Prenylation inhibition-based antiviral therapy differs from more classical approaches to antiviral treatment, in that it seeks to deprive the virus access to a host function. By this targeting of a host cell enzyme rather than a virus-specific target, such a strategy may actually impose some difficult challenges for a virus attempting to develop resistance. This is because the targeted locus is not under genetic control of the virus. Moreover, because the farnesyl moi ety of L-HDAg may serve more of a specific ligand role (Hoffman et al. 2000), rather than simply being a mediator of transient interactions with membranes, simple substitution of geranylgeranyl under conditions of FTI-mediated inhibition of farnesylation may be insufficient for restoring HDV assembly. Certainly to date, no such mechanism of resistance has been observed.
At first glance, it might be predicted that inhibiting host cell mediated prenylation would cause intolerable side effects. Surprisingly, however, this does not appear to be the case as FTIs are remarkably well tolerated by host cells in vitro (Dalton et al. 1995), and more importantly in human in vivo trials (Sharma et al. 2002). This might reflect that more host cell prenylated proteins are modified by geranylgeranyl rather than farnesyl (Farnsworth et al. 1990), although recent data suggest this may not be the case (Winter-Vann and Casey 2005). Alternatively, because there is a family of prenyltransferase enzymes, 'cross prenylation' by nontargeted prenyltransferases may occur.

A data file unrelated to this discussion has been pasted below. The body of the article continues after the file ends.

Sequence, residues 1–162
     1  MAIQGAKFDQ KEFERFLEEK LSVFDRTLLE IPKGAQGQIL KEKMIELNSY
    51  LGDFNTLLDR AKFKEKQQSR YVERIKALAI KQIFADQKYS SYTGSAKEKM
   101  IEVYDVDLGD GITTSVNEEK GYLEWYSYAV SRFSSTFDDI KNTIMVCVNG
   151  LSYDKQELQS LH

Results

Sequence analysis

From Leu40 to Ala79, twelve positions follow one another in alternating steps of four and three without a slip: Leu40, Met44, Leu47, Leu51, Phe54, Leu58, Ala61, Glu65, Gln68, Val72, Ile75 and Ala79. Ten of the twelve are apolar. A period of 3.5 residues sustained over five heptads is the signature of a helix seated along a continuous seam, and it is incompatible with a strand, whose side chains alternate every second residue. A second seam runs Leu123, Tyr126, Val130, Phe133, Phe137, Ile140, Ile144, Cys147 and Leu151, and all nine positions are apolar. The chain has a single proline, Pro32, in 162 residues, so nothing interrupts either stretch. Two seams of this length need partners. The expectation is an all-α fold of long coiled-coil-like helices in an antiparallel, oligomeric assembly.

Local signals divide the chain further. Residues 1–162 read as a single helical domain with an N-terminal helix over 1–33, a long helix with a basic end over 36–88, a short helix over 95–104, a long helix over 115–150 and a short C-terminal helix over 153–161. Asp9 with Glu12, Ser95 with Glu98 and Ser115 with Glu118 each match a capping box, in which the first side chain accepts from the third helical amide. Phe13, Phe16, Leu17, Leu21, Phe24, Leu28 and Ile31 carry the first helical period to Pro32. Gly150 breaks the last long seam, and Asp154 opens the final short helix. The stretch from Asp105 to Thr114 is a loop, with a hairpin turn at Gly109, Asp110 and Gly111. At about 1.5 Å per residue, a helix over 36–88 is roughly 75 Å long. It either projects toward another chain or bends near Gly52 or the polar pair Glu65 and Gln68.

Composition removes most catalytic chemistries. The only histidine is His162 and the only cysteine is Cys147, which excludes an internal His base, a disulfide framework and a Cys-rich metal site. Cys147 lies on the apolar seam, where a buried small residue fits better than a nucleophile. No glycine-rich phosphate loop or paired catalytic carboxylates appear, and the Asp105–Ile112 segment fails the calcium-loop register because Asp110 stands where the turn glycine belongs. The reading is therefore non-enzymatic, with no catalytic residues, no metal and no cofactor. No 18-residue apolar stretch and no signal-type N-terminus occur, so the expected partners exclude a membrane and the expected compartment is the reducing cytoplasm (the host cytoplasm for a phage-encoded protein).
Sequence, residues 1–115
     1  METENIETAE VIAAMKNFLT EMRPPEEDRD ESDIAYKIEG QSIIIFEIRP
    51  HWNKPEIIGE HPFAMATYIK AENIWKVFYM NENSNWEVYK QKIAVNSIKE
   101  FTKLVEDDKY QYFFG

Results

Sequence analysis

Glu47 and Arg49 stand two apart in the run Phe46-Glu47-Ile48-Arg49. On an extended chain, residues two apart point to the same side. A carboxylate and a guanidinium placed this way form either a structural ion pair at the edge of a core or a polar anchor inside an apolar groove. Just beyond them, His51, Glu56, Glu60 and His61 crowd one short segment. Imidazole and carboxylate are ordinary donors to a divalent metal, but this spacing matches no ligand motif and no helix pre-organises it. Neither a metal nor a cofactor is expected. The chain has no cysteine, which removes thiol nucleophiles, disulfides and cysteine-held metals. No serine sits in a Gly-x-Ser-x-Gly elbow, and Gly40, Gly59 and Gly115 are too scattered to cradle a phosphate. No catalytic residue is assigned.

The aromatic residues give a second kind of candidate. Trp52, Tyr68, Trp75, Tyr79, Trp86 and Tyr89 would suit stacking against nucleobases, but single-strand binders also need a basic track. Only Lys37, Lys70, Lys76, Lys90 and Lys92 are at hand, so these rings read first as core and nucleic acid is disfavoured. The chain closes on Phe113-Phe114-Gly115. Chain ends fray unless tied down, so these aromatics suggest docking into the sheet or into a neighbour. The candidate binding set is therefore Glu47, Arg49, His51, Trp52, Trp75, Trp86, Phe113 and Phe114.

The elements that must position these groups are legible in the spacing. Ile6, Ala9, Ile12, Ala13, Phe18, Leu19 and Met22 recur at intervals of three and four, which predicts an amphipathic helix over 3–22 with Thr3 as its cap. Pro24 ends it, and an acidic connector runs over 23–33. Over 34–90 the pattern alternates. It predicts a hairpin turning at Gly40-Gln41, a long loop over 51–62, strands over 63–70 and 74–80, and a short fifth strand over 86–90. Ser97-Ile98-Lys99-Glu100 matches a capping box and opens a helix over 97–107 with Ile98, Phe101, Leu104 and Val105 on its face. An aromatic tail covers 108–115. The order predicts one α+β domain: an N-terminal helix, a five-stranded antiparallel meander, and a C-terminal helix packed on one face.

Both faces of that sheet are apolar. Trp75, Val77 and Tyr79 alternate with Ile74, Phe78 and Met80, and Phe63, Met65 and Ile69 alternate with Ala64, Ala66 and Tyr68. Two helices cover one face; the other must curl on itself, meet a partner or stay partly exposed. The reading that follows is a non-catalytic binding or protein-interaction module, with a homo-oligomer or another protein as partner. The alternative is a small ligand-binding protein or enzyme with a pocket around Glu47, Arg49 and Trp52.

It is worth emphasizing that prenylation inhibition-based antiviral therapy has implications for other viruses besides HDV which are found to have similarly prenylated proteins. Indeed a CXXX box motif is present in proteins of numerous other medically important viruses, as well as in agents with a potential for bioterrorism (Elazar and Glenn 2005). The precise role played by prenylation, however, may differ in each case and need not be restricted to mediating assembly as in HDV. For example, the polymerase proteins of hepatitis A virus and foot and mouth disease virus have a conserved CXXX box. Because the replication of these positive single-strand RNA viruses is thought to occur in intimate association with intracellular membranes, prenylation of these proteins may provide a membrane anchoring function for the catalytic subunit of the respective replication complexes. On the other hand, the UL32 gene product of herpes simplex virus (HSV), which is thought to be involved in virus particle formation, also contains a CXXX box (McGeoch et al. 1988). This suggests that HSV can be considered for targeting by prenylation inhibition and indeed HSV sensitivity to FTI-I treatment has been demonstrated. Interestingly, the interpretation of these latter experiments performed in a Ras-transformed cell line infected with HSV-1 was that the virus exploits the host-cell Ras signaling pathway for infection (Farassati et al. 2001). Thus it is possible to consider that, in addition to direct antiviral effects brought about by inhibiting the prenylation of specific viral proteins, antiviral activity may also be observed as the result of prenylation inhibition-mediated perturbation of host cell pathways dependent on host prenylated proteins. Another example of this has been described for hepatitis C virus where it was proposed that the effect of geranylgeranyltransferase type I inhibitor on HCV RNA replication reflects the virus' dependence on the prenylation of a host cell protein (Ye et al. 2003). This dependence of HCV on host cell geranylgeranylation has recently been suggested by others as well (Kapadia and Chisari 2005). Finally, the mechanism of lovastatin antiviral activity against respiratory syncytial virus was suggested to reflect dependence on prenylation of the host protein RhoA (Gower and Graham 2001).
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